The U.S. Senate, by a vote of 51-49, passed its version of the Tax Cuts and Jobs Act that makes sweeping changes to the tax code, including changes to IRAs and other tax-advantaged saving plans. The good news for credit unions and their members is that the credit union tax-exemption would remain in place and changes to IRAs would be minimal.
The Senate vote comes on the heels of the House passing its version of H.R. 1, the Tax Cuts and Jobs Act, by a vote of 227-205. Following is a summary of provisions in the House-passed bill that would affect tax-advantaged savings plans.
- The ability to recharacterize a Roth IRA contribution to a Traditional IRA, or a Traditional IRA contribution to a Roth IRA would be eliminated. This provision would also eliminate the ability to recharacterize a Roth IRA conversion contribution.
- The deduction and exclusion for contributions to Archer medical savings accounts (MSAs) would be eliminated. Contributions to MSAs would no longer be permitted and employer contributions to employees’ MSAs would no longer be excludable from income.
- Contributions to Coverdell education savings accounts (ESAs) would no longer be permitted. Existing Coverdell ESAs would remain in place and existing Coverdell ESA balances could continue to be rolled over to another Coverdell ESA or to a state-sponsored 529 savings program. Under the House bill, state-sponsored 529 savings programs would be enhanced so that assets could be used for elementary and secondary school tuition and for costs associated with qualified apprenticeship programs, up to $10,000 per year.
The Senate-passed version of the Tax Cuts and Jobs Act would also repeal the rule that permits recharacterizations of IRA contributions, consistent with the House bill provision. The Senate bill, however, does not contain the MSA or ESA provisions. The Senate bill does include a provision that changes the formula used for calculating the annual cost-of-living adjustments for IRAs, HSAs, MSAs, and the Saver’s Credit. The change would mean that cost-of-living adjustments would occur less frequently than under the current formula.
The House and Senate bills both contain a provision to extend the rollover period for certain plan loan offsets and numerous other provisions that would affect employer-sponsored retirement plans.
However, neither the House nor the Senate bill contains the “Rothification” provision that was rumored prior to release of the tax bills, which would have treated some or all retirement plan contributions as after-tax contributions, similar to how Roth 401(k) and Roth IRA contributions are currently treated.
Many in the industry were worried that tax-advantaged savings plans would be sacrificed to pay for tax reform, given the cost of the plans to the Treasury, which is second only to the cost of employer-provided health insurance. These concerns increased when it was rumored, prior to release of the tax bill, that contribution limits to 401(k) plans and IRAs would be reduced, prompting President Donald Trump to tweet, “There will be NO change to your 401(k). This has always been a great and popular middle class tax break that works, and it stays!”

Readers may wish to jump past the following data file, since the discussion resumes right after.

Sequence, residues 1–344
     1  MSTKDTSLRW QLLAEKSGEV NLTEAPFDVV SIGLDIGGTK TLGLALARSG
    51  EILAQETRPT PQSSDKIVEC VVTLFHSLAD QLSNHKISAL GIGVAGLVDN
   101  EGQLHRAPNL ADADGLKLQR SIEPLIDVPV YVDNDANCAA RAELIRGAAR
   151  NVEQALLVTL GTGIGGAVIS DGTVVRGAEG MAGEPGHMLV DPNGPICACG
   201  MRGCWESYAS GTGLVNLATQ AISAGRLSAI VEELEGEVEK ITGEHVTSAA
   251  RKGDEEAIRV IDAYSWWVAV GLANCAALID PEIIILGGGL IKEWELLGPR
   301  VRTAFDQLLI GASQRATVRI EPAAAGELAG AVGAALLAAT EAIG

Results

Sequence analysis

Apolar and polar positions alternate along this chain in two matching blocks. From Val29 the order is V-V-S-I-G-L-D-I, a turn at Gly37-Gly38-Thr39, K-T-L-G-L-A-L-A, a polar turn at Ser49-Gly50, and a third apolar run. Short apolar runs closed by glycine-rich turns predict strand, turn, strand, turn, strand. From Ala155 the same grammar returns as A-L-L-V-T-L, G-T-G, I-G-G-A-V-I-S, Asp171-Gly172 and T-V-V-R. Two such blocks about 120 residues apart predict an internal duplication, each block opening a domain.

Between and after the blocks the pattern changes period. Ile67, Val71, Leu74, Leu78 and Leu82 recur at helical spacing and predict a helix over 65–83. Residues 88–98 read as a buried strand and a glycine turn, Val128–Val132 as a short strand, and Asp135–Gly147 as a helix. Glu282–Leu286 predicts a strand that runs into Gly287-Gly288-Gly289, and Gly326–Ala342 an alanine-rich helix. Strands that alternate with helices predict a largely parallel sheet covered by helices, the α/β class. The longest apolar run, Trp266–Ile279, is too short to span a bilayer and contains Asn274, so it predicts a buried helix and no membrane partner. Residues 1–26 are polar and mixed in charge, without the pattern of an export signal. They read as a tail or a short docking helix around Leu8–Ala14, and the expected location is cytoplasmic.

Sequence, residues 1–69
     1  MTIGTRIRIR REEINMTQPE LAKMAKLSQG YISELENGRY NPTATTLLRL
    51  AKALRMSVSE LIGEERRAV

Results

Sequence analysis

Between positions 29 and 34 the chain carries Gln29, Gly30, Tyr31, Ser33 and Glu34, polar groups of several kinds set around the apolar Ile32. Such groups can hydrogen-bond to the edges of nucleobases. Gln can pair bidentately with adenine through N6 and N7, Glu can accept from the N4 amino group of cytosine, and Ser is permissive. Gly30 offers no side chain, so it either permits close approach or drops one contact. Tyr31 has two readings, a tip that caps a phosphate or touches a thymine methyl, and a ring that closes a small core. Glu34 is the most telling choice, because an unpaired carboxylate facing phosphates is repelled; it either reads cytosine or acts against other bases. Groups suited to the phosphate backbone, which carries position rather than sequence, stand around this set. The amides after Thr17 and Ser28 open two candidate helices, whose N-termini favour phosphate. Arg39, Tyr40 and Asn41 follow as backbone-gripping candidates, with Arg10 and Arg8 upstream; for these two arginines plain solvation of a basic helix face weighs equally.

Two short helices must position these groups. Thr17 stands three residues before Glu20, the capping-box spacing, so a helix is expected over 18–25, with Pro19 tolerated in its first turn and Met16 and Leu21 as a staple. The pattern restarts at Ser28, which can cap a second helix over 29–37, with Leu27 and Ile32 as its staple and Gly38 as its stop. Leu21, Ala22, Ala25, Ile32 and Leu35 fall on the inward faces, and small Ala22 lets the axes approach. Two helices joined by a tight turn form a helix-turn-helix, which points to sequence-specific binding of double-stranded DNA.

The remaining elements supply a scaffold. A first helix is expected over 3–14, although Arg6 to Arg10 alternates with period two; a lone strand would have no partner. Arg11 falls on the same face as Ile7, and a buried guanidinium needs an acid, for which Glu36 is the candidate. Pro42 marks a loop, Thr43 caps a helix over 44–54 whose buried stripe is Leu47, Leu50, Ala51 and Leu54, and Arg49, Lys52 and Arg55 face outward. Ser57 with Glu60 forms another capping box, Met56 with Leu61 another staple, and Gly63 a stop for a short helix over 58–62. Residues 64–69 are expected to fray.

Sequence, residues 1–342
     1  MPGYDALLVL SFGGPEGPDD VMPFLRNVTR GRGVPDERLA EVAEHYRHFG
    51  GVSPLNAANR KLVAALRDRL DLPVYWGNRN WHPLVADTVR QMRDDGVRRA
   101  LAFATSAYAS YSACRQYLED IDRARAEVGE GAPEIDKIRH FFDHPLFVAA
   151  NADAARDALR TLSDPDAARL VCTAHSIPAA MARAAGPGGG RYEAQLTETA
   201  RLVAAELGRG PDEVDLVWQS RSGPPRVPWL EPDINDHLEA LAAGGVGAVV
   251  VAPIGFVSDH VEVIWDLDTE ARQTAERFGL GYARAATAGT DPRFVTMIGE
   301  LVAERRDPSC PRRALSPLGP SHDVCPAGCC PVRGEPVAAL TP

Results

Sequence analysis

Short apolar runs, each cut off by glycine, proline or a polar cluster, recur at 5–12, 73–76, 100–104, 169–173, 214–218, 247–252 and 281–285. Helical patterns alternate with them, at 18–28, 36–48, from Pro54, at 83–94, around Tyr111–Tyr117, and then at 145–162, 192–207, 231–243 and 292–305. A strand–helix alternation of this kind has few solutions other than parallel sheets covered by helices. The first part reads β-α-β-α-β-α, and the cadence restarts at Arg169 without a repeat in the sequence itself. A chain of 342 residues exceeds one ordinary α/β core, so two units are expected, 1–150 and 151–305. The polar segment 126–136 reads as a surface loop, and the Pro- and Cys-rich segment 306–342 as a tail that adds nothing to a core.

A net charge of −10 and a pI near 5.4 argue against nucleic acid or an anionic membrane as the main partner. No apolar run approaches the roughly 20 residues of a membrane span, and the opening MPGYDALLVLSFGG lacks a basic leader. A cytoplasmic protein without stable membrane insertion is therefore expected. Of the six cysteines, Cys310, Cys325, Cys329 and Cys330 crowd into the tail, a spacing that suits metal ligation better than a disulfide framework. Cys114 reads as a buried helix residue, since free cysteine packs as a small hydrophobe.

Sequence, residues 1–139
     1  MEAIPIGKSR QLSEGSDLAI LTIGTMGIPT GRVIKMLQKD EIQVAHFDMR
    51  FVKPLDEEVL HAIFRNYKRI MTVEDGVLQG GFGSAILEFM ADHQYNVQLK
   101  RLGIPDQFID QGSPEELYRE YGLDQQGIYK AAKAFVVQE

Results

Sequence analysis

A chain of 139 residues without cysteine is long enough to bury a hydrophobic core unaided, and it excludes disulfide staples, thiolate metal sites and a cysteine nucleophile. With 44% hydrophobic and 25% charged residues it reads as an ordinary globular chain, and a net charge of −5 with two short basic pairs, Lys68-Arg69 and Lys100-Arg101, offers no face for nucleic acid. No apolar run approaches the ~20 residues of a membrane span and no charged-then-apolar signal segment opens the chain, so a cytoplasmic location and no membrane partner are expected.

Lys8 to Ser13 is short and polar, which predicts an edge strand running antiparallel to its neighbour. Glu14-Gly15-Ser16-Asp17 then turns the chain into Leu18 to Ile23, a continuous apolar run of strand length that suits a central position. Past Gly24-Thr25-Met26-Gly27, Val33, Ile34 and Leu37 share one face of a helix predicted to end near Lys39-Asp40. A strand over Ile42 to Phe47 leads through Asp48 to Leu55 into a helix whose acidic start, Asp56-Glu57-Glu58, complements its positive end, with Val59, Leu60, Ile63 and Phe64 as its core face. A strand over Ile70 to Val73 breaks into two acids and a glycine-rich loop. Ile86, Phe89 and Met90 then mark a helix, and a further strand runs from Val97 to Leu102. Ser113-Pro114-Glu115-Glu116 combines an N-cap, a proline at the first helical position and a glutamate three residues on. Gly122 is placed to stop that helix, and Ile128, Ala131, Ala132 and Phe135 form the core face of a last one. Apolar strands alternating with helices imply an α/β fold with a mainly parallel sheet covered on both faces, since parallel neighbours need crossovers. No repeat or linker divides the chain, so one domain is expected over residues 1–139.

In the end, House and Senate Republicans were able to advance their respective tax reform proposals and stay within the budget constraints without using deferrals to 401(k) plans and Traditional IRAs as revenue offsets. Surprisingly, neither bill contains easy revenue raisers that have been proposed in the past and have bipartisan support, such as requiring beneficiaries of an inherited IRA to deplete the account within five years of the IRA owner’s death.
To pass the tax reform legislation into law, both the House and Senate will work in conference committee to reconcile the differences between the two versions of the bill. Each chamber will then need to vote and pass the compromise bill before sending it to President Trump for his signature.
The tax reform package is being advanced under the budget reconciliation process, which requires only a simple majority—rather than 60 votes—for passage. This means that Senate Majority Leader Mitch McConnell (R-KY) can lose the support of only two Republican Senators, given that no Democrats are likely to vote for the bill.
As House and Senate negotiators work on a compromise bill, they will be constrained by the requirement that the tax reform bill can only increase the deficit by $1.5 trillion in the first 10 years. Any increase in spending will need a corresponding offset, and therein lies the risk that a retirement-related revenue raiser could still be added to the final bill.
Although there is much work yet to be done, passage of a tax reform package is likely, given its importance to the Trump administration, but in a politically-correct adaptation of the old colloquialism, “It ain’t over ‘til the President signs the bill.” Stay tuned.